What about Patty and her parents in The Summer of My German Soldier? Why does she lie about the P.O.W's?
In the book, it is clear that Patty doesn't have a good relationship with her parents. Patty's mother seems overly focused on her daughter's looks. In the first chapter, Mrs. Bergen criticizes Patty in front of Mrs. Fields; she complains that Patty is less particular about her looks than Sharon (Patty's sister).
Whenever Mrs. Bergen gets a chance, she berates Patty about her lack of beauty, finesse, and poise. As a result, Patty feels unloved and marginalized. Patty is often forced to compete for her father's attention as well. In chapter 1, she makes up a story about the POWs, characterizing them as "big and mean-looking" criminals. Patty tells her father that one of the POWs tried to escape after disembarking. According to Patty, one of the guards noticed the lone prisoner's suspicious behavior and proceeded to unleash some brutal words of warning against him.
Of course, this sensationalized story isn't true; Patty has just made it up to gain a few minutes of her father's attention. Patty's parents never accept her for who she is. By the story's end, they continue to insist that their oldest daughter is flawed in ways that they will never be able to embrace. Later, Ruth (the family housekeeper) tells Patty that her parents will never be the kind she can rely on for love, warmth, and acceptance. In the end, Patty has to learn to accept reality and to try to carve out a meaningful existence for herself.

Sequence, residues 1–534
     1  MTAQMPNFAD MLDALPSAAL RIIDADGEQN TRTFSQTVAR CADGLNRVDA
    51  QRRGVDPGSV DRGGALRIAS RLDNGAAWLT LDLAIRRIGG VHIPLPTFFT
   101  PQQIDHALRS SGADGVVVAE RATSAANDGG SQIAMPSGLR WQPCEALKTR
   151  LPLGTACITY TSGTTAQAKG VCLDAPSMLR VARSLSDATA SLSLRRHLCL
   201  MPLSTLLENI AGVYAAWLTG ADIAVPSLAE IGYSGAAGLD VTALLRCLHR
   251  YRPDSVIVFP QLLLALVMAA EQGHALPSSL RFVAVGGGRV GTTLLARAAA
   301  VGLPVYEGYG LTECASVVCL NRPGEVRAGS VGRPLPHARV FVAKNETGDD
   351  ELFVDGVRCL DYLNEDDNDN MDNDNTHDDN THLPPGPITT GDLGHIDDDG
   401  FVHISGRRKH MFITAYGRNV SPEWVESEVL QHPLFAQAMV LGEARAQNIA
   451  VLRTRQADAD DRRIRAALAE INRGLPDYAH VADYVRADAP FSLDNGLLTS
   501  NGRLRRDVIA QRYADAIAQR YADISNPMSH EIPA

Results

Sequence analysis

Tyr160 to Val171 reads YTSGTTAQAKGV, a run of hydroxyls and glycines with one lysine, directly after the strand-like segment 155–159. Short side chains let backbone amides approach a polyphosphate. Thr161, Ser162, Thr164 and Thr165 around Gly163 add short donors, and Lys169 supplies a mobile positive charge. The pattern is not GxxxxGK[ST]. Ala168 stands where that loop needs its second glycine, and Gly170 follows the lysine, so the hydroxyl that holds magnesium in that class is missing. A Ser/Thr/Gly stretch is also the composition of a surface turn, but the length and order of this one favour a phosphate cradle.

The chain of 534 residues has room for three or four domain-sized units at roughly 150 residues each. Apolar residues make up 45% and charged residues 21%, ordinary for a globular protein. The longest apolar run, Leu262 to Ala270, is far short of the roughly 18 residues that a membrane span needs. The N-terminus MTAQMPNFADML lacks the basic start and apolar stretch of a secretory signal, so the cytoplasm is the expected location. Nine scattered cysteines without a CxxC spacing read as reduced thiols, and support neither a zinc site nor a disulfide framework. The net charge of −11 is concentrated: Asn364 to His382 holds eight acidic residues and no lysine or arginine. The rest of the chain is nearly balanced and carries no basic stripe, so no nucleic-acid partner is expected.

Patty Bergen is a troubled teen, friendless, set apart by her nationality, and put down by her parents. Her mother and father have serious issues of their own, and constantly criticize her and tell her she is no good. As is so often the case in dysfunctional homes, Patti responds by exacerbating her own situation, lying, exaggerating, and and generally perpetuating a cycle of bad behavior on her part and resulting parental disapproval. In addition, the boundaries between fantasy and reality become blurred in her own mind, further contributing to her difficulties.
Aside from an arguable element of sheer orneriness, Patti's behavior in lying about the arrival of the POWs in Chapter 1 stems from a desperate desire for attention. Engrossed in his paper, her father is annoyed that she wants to talk to him. When she finally does get him to listen to her, she feels "like an actress who finally gets her big chance", and embellishes her tale in hopes of leaving an impression, as well as to make herself feel important. Characteristically, her father hears her with disinterest, abruptly dismissing her when she is done with the comment, "let me read my paper in peace", giving the reader a sad insight into why Patti might act the way she does.